Hardline Islamist group Hayat Tahrir Al-Sham (HTS) has begun evacuating the homes of “jihadist emigrants” in areas of Idlib city under the group’s control. This move is seen as part of a broader security campaign against displaced jihadists who are not among the HTS’ ranks, as well as a violation of housing, land, and property rights.
Jihadist emigrants, or “al-jihadioon al-muhajiroon” as they refer to themselves, are Muslims who emigrated to Syria during the war to support the Islamist cause. Many of these emigrants include the children and wives of fighters. Some of these people settled down in areas under the control of HTS in Idlib, though they never belonged to the jihadist group and are often described as “independent.” Many of them have since given up their arms and found work in other fields. There are no precise statistics available, but the number of these independent jihadist emigrants are estimated to be in the thousands.
HTS sent eviction notices to a large number of these emigrants in early February, giving them various deadlines to leave their residences in Idlib city ranging from several days to several weeks. The hardline group also ordered some of them to leave the city permanently. Some were also arrested, while others were barred from moving to rural areas in the neighbouring Aleppo governorate that are under the control of other opposition groups. HTS prohibited some real estate owners from renewing their lease contracts with the emigrants.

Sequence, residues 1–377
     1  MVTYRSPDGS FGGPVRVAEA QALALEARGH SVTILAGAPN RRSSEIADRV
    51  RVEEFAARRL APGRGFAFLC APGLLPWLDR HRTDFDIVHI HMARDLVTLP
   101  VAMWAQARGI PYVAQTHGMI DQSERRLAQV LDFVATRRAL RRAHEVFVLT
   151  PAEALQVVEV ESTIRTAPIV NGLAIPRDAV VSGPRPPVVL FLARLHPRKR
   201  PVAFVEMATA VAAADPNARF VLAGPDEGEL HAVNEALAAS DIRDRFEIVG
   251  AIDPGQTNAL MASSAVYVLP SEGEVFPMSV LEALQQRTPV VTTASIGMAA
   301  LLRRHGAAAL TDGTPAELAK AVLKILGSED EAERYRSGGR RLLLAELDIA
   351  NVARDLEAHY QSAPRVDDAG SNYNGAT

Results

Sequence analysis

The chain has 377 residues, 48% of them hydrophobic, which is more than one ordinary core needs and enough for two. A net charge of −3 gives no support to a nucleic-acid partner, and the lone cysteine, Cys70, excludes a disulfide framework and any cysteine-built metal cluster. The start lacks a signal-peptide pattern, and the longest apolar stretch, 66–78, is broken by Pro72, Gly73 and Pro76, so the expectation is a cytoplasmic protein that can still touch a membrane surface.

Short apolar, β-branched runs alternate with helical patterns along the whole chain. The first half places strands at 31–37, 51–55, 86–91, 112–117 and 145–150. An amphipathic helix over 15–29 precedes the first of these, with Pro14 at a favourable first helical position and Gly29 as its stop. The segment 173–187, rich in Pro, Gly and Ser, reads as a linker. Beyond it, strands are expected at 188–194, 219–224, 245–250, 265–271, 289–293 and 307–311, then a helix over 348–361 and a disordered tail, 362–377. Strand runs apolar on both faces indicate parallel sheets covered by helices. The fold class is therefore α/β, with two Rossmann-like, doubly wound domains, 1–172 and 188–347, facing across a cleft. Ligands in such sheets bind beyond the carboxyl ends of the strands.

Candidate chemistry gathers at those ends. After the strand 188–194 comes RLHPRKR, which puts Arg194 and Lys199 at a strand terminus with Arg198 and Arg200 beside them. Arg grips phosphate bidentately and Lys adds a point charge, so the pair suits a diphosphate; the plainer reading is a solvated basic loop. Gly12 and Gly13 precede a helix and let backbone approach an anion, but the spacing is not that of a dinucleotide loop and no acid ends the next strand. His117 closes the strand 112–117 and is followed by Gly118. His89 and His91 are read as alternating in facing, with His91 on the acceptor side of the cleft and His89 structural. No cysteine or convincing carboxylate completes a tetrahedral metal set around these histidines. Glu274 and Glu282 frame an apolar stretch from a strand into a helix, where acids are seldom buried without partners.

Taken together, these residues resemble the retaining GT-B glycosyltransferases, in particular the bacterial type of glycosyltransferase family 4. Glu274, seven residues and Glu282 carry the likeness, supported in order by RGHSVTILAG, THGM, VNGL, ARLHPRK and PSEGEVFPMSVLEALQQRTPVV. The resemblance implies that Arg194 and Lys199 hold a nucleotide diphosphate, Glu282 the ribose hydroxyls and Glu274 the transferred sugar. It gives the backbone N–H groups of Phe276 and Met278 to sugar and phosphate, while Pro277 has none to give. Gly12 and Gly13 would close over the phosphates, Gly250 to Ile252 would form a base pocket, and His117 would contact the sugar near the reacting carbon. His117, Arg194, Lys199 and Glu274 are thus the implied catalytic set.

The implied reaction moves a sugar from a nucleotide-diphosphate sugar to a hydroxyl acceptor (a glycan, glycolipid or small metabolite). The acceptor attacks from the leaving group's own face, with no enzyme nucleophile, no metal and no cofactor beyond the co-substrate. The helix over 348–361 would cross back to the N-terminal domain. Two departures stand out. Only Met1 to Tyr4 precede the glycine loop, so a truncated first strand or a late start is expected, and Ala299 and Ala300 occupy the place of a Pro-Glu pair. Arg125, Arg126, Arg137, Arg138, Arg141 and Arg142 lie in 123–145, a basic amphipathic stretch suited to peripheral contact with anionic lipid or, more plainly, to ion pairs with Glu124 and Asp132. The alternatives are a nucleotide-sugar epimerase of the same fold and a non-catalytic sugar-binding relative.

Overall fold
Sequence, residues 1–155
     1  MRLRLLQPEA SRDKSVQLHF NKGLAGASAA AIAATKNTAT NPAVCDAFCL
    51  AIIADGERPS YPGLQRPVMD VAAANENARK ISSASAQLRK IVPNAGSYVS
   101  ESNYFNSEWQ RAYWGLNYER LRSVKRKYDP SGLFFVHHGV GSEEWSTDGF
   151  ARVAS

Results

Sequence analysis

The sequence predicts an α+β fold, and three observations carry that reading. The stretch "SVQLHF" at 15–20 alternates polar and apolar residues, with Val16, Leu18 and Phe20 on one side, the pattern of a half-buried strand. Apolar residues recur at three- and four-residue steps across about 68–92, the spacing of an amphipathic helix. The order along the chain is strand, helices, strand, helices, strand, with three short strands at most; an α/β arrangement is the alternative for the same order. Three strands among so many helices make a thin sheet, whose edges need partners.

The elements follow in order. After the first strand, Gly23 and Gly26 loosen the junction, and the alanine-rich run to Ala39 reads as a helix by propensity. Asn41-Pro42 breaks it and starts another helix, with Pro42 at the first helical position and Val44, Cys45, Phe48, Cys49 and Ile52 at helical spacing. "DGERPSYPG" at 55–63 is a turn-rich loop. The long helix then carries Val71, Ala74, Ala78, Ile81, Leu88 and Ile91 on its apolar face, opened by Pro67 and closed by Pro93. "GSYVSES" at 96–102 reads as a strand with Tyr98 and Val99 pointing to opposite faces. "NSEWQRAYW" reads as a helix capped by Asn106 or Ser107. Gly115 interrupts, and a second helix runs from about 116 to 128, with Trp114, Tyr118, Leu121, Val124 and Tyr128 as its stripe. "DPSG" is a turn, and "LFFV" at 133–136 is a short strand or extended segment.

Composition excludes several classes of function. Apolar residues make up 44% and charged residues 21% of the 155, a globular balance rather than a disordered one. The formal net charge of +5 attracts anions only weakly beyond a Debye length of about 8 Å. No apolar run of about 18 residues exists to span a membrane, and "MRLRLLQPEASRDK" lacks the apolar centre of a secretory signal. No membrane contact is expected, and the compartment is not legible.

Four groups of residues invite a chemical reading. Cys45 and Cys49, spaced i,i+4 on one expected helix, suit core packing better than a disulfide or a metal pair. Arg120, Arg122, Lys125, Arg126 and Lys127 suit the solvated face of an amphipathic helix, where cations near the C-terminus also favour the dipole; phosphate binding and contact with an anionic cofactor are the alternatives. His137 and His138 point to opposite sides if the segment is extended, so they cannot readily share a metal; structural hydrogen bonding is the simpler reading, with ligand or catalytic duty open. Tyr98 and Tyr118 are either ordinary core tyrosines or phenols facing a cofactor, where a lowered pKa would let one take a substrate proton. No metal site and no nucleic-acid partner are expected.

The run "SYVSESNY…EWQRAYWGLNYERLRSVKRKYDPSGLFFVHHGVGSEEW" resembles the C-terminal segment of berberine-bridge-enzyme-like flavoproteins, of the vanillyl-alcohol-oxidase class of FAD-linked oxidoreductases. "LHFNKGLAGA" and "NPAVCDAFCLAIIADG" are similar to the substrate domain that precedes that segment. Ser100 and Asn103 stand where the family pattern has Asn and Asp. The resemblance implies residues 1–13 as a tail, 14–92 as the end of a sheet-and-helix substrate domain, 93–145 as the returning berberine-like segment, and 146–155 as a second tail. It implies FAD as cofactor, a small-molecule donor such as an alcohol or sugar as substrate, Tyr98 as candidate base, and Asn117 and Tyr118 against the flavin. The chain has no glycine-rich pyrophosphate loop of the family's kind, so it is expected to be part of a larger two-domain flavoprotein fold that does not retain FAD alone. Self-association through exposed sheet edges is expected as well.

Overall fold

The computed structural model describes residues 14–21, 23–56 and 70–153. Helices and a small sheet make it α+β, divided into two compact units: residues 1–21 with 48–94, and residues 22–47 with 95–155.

The jihadist group informed a number of the wives of emigrants it had detained that they must leave their homes as well, giving them until the end of February to find homes outside Idlib city. The eviction notices given to these women threatened to keep their husbands in detention for long periods of time if they failed to leave their homes.
According to a correspondent for The Syria Report in the area, many of the properties that underwent HTS evictions are classified as “ghana’im,” or spoils of war, that emigrant families had taken for themselves after Islamist rebels captured Idlib in 2015. Some emigrants lived in the seized homes as renters with official lease contracts, paying symbolic monthly rents collected by the HTS-affiliated Syrian Salvation Government (SSG).
All the seized “ghana’im” properties belong to regime loyalists, Christians, or opponents of HTS, most of whom fled Idlib in 2015 and left their properties vacant. The fate of these properties after the HTS evictions is unclear, including whether the group plans to occupy the houses.
HTS’ media office said in a statement that the evictions were not targeting any specific group or nationality, and that the notices had been issued months ago. Many of the houses slated for eviction were “public property,” the statement said, while others were private real estate whose owners were claiming their rights in cases currently being considered by the judiciary. However, HTS did not further clarify the meaning of “public property” – whether that meant properties that were owned by the Syrian state or private real estate it had seized.
HTS is determined to evict the “emigrant” residents and refuses to let them stay in the city, the correspondent said. According to some rumours, the evictions come as a civilian protection measure, especially in the city’s densely populated centre, as air strikes target some “emigrants” wanted on international terrorism charges.
Clarification about the evacuation decision
Source: The media office of Hayat Tahrir Al-Sham